The Friday Five – The Doctor, Patient, Fitness Tracker Relationship
For years nutritionists, dietitians, trainers and doctors have been telling us to write down and track what we eat and to exercise for a prescribed amount of minutes in order to help us lose weight. While pedometers have been around for quite sometime, wearable fitness trackers like the Fitbit came on the scene more recently as well as apps like Lose! and MyFitnessPal, all of which help us to easily track the aforementioned with the click of a button or even just by taking a walk. Now that we have all of this data at our fingertips, how can we use it to truly improve our health and well-being? Slowly but surely doctors are starting to see the benefit of trackers and the information they hold. This week’s Friday Five debates the future of wireless trackers and healthcare, the good and the bad.
How to Educate Patients About Fitness Tracker Best Practices
Kareo’s (@GoKareo) Go Practice Blog offers some tips for doctors when discussing the use of trackers with patients. Doctors should be sure to guide patients in how to properly use their device and the data it collects.
The next wave of fitness wearables will send data directly to doctors
While the numbers of people purchasing fitness wearables seems to be on the rise, the number of people who stick with them and continue to use them is on the decline. Here we see the likely intersection of wearable medical devices and fitness trackers. The two may soon be married providing doctors with a wealth of important information to help their patients live healthier lives.
Patient Monitoring, Big Data, and the Future of Healthcare
A growing number of doctors are beginning to see the value of fitness trackers in how they are able to treat and understand their patients. Some have already seen the benefit of using them to monitor the lifestyles of obese or cardiac patients. Others view wireless trackers as a game changer that will provide the healthcare field the “opportunity to shift its focus to one of keeping the public healthy and anticipate health issues before they become a problem” rather than simply treating sick patients. Skeptics see trackers as an invasion of privacy that may one day be used against them.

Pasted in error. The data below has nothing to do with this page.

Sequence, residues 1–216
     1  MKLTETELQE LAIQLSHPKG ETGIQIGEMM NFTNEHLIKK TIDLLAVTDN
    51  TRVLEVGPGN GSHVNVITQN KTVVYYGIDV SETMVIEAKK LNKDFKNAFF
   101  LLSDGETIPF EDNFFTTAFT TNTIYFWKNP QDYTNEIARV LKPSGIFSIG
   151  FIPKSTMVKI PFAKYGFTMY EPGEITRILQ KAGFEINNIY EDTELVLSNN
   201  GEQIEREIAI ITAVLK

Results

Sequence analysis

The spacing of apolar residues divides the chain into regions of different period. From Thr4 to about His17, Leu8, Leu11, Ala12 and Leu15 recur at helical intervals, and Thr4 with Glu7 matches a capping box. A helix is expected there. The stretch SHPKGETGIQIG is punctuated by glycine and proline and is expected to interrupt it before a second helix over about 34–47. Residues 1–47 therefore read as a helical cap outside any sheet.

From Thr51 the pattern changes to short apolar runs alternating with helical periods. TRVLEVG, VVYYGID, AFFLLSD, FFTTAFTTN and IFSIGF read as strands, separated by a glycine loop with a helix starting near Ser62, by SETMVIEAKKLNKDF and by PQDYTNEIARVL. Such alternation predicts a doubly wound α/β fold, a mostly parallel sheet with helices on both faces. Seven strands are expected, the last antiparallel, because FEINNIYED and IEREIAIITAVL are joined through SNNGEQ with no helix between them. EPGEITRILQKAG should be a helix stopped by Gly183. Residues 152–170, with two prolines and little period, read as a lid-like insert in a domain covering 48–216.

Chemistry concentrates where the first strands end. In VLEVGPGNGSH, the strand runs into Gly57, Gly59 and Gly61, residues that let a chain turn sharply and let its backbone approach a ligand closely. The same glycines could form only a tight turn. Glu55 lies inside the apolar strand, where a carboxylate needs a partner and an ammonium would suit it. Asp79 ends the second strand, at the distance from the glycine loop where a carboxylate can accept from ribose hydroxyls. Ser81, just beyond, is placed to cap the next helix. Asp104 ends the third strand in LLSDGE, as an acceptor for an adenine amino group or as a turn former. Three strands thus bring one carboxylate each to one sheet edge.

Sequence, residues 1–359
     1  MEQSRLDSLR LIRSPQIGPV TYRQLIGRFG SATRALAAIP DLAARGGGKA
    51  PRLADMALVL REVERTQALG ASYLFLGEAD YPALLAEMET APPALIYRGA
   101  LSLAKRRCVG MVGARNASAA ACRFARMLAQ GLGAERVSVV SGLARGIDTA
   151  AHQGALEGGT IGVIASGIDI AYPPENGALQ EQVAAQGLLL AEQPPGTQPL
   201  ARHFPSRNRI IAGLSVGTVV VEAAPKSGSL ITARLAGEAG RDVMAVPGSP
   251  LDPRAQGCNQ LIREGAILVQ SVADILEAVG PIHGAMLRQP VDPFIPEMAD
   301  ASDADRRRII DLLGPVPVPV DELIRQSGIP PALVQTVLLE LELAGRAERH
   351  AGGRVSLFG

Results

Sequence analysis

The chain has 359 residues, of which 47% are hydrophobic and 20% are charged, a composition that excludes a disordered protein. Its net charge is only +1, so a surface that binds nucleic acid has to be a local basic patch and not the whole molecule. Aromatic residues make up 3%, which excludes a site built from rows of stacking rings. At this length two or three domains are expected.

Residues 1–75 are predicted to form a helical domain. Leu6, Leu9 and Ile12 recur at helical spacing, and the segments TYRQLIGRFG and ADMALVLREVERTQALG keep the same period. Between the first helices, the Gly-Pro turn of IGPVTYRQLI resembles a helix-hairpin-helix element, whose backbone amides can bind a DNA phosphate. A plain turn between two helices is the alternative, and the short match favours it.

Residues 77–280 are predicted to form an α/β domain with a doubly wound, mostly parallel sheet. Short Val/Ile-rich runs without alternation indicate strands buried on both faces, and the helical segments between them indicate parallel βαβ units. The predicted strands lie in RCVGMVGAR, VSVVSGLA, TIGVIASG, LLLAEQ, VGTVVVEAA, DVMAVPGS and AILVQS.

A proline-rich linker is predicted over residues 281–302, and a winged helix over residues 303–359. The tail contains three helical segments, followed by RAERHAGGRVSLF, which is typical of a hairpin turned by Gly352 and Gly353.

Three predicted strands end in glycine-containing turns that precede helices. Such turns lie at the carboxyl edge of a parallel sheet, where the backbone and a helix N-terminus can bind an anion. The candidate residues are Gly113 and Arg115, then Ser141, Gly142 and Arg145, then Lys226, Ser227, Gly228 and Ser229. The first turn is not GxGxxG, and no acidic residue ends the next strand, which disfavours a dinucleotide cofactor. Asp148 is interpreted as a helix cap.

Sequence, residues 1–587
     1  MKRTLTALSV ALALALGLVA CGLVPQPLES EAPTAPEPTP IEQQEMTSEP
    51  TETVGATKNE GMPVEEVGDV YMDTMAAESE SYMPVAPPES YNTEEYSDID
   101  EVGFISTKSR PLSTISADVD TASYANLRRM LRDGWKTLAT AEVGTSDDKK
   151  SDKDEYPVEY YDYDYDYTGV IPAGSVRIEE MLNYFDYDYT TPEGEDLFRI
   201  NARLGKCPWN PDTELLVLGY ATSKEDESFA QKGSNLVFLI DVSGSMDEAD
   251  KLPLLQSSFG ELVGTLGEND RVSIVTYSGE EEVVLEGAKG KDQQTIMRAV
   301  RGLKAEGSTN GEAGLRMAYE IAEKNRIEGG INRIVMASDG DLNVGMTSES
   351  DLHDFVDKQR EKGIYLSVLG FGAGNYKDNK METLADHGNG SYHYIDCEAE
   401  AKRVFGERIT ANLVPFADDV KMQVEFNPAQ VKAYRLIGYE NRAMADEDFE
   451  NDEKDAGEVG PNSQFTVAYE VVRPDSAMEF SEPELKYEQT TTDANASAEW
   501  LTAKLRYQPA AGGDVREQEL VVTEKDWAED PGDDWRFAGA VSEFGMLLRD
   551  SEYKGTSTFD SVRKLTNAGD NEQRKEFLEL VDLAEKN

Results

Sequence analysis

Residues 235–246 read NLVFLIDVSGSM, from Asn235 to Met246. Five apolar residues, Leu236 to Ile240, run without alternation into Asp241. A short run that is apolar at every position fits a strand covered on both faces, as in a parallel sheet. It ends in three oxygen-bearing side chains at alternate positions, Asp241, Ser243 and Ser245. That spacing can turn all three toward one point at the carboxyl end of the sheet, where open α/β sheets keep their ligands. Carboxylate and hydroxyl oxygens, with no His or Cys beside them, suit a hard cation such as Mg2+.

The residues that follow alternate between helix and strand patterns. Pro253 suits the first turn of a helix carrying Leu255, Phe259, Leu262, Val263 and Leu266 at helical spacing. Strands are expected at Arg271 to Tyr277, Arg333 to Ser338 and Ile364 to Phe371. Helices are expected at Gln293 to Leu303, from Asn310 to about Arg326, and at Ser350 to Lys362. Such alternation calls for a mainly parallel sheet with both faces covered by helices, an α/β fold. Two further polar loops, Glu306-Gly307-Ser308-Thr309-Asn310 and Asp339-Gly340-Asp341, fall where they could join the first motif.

Wearable Health Trackers – the Integrative Doctor’s New Best Friend
Dr. Paul Savage believes fitness trackers can “help patients get off the sidelines and become active participants in their own health.” This type of motivation may be just what the doctor ordered to help patients make healthy choices and stay on track. He also delves into where fitness trackers fit in when it comes to corporate wellness, insurance programs, healthcare research and even EMR integration.
Physician Use of Patient-Generated Data Can Reach “Critical Mass” by 2020, Says CTA
Consumer Technology Association (@CTATech) recently released the report, Wearable Health and Fitness Technology in U.S. Medical Care, and the findings seem to predict a definite role for fitness trackers in healthcare. Some key findings note physicians report that their patients would rather be “prescribed” a wearable over medication and insurance companies are offering free devices and cash incentives to meet certain goals.
BONUS: Fitbit talks to NHS about fitness trackers, but no firm plans have been revealed
Maybe Fitbit hasn’t seen the CTA report mentioned above. While I’m not sure I want to be as beholden to my fitness tracker as I already am to my smartphone, I think a deal with NHS would do wonders for the company.
— Tatyana Fedotova PhD (@TatyanaVF) March 9, 2017
ICYMI – Our other Friday Fives.